The latest poll from Public Policy Polling shows that the Governor has an approval rating of only 37%, which is among the lowest in the nation. He has lost support with both Republicans and Democrats. The poll indicates that Jindal’s support with Republican voters has dropped from 81% to 59% in the past two years. With Democratic voters, Jindal’s disapproval numbers have skyrocketed to 78%.
The Governor’s overall approval rating is a drop of over 20 percentage points from Public Policy’s last poll. This is now the second poll in recent days to show Jindal with an approval rating below 50%. It has been a quick fall from grace for Jindal who in November of 2011 won re-election to the governor’s office with a solid 66% of the vote.
In the past 18 months, the Governor has embarked on a controversial education reform plan, has decided not to expand the Medicaid program in the state and is trying to push a new tax initiative that would eliminate income taxes in exchange for an increase in sales taxes.
Another important factor in his plunging popularity is the Governor’s constant travel schedule. Last year, he visited all corners of the country in support of Mitt Romney. Interestingly, Jindal showed no loyalty to Romney for right after the GOP loss; he started blasting the Republicans as the “stupid party.”
Today, he is still on a healthy travel schedule as Chairman of the Republican Governor’s Association. Most political observers believe that Jindal is trying to lay the groundwork to run for President in 2016.
While Jindal’s national ambitions might be exciting to GOP pundits in the Beltway, it is clearly causing him problems on the home front. Louisiana voters want action on a variety of problems in the Pelican state. They want to see Jindal earn his salary as Governor and not use the state as a stepping stone for a presidential campaign.
Usually, a presidential candidate has to have a strong base in his home state to qualify as a serious contender. In this regard, Jindal has major trouble for the new Public Policy poll shows that the Governor would lose a hypothetical presidential match-up 48-45% against liberal Democrat Hillary Clinton.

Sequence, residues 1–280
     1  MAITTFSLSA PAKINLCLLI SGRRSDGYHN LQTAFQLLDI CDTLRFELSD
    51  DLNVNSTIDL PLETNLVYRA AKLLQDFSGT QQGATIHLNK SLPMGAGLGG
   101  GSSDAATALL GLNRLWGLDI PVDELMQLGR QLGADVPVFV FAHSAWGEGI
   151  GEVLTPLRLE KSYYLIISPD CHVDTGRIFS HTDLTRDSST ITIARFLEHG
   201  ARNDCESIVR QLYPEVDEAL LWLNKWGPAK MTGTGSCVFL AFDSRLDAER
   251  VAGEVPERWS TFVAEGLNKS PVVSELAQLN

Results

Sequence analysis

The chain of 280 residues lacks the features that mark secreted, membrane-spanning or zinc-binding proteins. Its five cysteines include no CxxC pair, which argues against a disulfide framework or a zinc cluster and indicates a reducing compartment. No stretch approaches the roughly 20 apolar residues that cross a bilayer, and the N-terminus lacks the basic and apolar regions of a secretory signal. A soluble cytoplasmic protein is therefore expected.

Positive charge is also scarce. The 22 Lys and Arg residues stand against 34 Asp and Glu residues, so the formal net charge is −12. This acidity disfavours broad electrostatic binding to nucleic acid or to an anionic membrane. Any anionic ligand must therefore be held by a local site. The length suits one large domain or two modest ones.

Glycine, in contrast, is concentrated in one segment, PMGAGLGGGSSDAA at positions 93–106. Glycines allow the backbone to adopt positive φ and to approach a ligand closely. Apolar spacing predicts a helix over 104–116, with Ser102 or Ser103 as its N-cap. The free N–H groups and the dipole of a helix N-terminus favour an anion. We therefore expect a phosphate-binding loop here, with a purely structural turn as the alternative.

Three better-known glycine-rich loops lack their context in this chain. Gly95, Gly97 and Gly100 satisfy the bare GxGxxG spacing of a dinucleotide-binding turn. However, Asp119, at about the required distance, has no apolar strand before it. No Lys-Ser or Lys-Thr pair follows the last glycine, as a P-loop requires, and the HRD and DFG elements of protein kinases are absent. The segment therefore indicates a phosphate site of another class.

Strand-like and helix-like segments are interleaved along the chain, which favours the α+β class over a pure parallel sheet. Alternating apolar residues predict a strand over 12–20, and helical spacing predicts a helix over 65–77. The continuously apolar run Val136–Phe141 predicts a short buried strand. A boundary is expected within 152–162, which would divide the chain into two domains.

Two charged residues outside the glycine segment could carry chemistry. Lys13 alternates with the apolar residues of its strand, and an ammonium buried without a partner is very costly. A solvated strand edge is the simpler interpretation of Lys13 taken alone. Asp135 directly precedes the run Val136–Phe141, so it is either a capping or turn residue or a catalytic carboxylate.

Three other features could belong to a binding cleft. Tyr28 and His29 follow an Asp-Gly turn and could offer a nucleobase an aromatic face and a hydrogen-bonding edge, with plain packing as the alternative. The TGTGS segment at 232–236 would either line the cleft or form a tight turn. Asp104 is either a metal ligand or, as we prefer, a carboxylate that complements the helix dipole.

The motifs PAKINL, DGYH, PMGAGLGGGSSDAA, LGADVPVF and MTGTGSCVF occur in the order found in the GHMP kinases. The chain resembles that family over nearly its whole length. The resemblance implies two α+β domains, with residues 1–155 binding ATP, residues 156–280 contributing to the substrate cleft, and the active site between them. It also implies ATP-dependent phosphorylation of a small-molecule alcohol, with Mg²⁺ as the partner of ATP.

Louisiana is a red state and no Democrat has won the state’s presidential electoral votes since Bill Clinton in 1996. Louisiana has a congressional delegation with only two Democrats and the legislature recently gained a Republican majority for the first time since Reconstruction. Any GOP presidential candidate should easily win Louisiana. In fact, if the Republicans can’t win Louisiana, they have no chance of winning the White House.
Jindal should take this latest poll as a reality check. He is not presidential material and clearly has significant troubles in his home state. If he starts to focus on Louisiana for the last three years of his term, he might be able to accomplish a decent legacy as Governor.
Otherwise, his unabashed ambitions will start to harm Jindal’s ability to pass his agenda in the state legislature. Legislators will be emboldened to challenge a Governor that is becoming quite unpopular.
The more time he focuses on his presidential ambitions, the more unpopular he becomes in Louisiana.
It is time that Jindal gave up his ridiculous White House obsession and start to focus on the very challenging set of problems he was elected to solve.
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